http://www.geocities.com/ptimlin/




















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    • blue_lkb
      Hi Patrick, ... goldfish kept in smaller than ideal tanks will have stunted growth in the long run. Ahh, ok, I guess I misunderstood that. Gotcha. We will
      Message 2 of 17 , Jul 7, 2008
        Hi Patrick,


        > I don't think Paula was saying they ARE stunted now, but that
        goldfish kept in smaller than ideal tanks will have stunted growth in
        the long run.

        Ahh, ok, I guess I misunderstood that. Gotcha. We will definitely be
        looking to find them a new home, since it sounds like they aren't
        going to work for our situation (I know, we should have checked it
        out before buying them). They are, I believe, comet goldfish...if
        those are the ones I'm thinking of. I know I was online one day
        trying to find out which type they were.

        > As to your hex tank. It is about 18 gallons.

        Oh, bummer, I thought (was hoping!) it was larger. Okay, so hex tanks
        aren't the way to go if we want very many fish. How many do you think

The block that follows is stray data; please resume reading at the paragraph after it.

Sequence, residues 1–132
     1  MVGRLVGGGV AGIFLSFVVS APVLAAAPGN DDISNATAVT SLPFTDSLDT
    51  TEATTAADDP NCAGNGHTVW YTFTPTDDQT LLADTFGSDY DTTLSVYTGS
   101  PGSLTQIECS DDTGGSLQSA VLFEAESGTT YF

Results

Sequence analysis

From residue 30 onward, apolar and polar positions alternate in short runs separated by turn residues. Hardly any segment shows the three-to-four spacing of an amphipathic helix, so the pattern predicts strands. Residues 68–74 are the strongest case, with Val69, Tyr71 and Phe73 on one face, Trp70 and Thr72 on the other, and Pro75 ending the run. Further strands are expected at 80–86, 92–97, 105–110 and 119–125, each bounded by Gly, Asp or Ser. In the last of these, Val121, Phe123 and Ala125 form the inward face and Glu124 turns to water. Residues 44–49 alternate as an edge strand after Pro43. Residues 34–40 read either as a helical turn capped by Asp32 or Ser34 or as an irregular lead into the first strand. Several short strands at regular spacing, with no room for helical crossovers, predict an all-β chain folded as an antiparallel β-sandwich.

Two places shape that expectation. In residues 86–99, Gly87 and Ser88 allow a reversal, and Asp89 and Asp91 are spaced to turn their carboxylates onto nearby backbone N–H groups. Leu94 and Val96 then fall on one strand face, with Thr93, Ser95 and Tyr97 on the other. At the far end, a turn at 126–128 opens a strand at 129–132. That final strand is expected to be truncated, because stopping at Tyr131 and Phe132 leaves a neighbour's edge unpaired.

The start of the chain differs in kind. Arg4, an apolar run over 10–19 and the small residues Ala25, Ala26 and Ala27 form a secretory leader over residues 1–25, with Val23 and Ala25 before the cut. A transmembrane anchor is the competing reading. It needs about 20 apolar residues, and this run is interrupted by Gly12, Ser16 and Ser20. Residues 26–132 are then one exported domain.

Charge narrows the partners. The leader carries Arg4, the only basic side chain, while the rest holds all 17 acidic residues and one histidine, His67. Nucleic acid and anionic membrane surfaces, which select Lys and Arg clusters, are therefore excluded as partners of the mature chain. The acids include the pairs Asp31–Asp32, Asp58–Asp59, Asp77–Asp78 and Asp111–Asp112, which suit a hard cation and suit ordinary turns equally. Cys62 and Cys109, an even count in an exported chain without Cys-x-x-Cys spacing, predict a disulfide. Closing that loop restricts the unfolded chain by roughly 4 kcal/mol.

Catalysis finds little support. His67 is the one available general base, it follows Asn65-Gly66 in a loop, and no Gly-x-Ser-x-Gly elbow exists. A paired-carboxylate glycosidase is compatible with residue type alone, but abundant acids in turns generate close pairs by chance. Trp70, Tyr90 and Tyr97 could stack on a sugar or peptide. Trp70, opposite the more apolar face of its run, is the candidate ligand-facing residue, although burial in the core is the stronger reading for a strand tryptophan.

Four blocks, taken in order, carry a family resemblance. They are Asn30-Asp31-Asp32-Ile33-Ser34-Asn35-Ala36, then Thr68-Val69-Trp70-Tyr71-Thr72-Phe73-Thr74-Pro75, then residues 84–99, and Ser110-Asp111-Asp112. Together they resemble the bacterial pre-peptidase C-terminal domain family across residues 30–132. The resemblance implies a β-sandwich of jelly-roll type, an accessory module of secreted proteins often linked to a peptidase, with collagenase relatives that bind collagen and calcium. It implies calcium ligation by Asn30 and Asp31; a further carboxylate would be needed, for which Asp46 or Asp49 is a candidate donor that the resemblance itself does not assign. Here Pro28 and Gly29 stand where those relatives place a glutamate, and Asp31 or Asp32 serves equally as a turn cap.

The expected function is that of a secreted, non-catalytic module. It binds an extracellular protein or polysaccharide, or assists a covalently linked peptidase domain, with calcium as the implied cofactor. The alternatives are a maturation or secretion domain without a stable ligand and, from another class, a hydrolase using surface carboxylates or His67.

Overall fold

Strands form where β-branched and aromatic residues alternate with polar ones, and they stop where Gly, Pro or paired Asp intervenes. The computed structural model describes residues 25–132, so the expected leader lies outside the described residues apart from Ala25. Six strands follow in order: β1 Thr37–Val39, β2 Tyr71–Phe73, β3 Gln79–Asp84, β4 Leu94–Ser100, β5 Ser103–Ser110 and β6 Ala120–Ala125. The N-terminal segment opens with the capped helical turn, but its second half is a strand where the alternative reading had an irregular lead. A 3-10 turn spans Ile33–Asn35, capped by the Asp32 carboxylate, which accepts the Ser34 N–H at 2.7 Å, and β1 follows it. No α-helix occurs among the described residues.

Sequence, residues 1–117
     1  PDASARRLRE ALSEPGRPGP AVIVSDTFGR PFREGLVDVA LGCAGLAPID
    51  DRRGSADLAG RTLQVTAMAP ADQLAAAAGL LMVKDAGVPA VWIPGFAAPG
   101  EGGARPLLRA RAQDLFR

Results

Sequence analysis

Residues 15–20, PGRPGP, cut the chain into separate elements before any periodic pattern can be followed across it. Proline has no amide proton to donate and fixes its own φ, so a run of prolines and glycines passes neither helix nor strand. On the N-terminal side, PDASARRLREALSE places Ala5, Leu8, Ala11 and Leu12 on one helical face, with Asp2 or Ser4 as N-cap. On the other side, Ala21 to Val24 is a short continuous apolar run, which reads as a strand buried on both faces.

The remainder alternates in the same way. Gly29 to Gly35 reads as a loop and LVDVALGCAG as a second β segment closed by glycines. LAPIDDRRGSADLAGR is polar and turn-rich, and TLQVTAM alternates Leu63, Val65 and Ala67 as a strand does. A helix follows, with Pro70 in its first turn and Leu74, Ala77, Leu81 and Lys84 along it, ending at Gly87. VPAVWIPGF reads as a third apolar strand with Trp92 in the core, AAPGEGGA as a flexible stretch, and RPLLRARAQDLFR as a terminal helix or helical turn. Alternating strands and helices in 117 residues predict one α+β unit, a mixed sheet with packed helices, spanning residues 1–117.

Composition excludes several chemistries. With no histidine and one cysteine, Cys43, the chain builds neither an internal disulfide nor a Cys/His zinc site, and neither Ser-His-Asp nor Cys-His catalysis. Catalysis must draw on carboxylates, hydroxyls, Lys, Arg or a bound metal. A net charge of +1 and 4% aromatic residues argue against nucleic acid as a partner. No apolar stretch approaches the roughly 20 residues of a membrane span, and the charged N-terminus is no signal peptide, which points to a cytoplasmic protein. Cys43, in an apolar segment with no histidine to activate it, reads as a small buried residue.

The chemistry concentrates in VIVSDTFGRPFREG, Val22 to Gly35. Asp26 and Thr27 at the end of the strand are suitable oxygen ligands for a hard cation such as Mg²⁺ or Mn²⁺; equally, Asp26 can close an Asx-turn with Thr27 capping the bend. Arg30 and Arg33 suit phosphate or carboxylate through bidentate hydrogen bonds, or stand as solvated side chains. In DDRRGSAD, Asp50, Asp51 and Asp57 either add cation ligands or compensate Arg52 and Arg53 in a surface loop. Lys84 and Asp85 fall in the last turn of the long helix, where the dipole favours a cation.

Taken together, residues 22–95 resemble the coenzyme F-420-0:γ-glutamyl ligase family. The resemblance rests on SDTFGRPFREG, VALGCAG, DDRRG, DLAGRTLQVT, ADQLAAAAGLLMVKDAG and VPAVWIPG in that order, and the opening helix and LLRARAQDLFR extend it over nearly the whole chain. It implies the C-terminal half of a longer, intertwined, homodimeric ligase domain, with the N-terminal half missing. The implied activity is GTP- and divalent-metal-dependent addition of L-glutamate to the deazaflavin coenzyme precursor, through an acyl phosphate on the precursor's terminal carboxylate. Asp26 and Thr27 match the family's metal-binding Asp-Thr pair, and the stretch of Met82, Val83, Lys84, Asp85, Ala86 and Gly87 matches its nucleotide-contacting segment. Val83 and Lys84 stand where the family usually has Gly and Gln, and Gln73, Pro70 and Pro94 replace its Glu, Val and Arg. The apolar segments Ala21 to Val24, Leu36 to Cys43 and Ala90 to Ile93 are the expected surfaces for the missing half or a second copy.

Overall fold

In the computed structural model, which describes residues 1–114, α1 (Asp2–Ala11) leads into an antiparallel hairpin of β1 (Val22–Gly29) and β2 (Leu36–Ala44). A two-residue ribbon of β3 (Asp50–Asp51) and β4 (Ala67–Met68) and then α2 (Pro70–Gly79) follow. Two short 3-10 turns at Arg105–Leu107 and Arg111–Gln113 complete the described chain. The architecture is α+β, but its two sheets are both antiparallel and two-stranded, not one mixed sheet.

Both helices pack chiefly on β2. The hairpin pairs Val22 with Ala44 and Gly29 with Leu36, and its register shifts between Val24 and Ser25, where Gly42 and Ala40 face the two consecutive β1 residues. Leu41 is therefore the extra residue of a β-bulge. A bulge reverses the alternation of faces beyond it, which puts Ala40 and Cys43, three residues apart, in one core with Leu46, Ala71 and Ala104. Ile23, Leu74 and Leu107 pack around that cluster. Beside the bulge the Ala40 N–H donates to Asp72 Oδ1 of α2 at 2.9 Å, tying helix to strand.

would be okay in this one?

        > So as you can see, your 18 gallon hex has LESS stocking capacity
        >than your 10 gallon. So be careful.

        Ooh..we'll be careful about what/how many we get!

        > As to fish choice, we could suggest a million different small great
        fish. Unfortunately we do not know what you local stores carry. So
        instead you might visit your stores and keep a list of fish you liked
        and report back and we can then give you our opinion of those choices.

        From what I saw in the stores and online, my favorites are bettas,
        ghost shrimp (I think they're kinda neat), dwarf gouramis and cherry
        barbs, I think. I can't remember what the details on the cherry barbs
        were - like, if they are compatible with bettas, etc. My husband
        likes the algae eaters, so I thought maybe an otto cat (I think those
        are the ones, someone else mentioned, that don't get so large?). Any
        suggestions on these fish and how many would be appropriate for our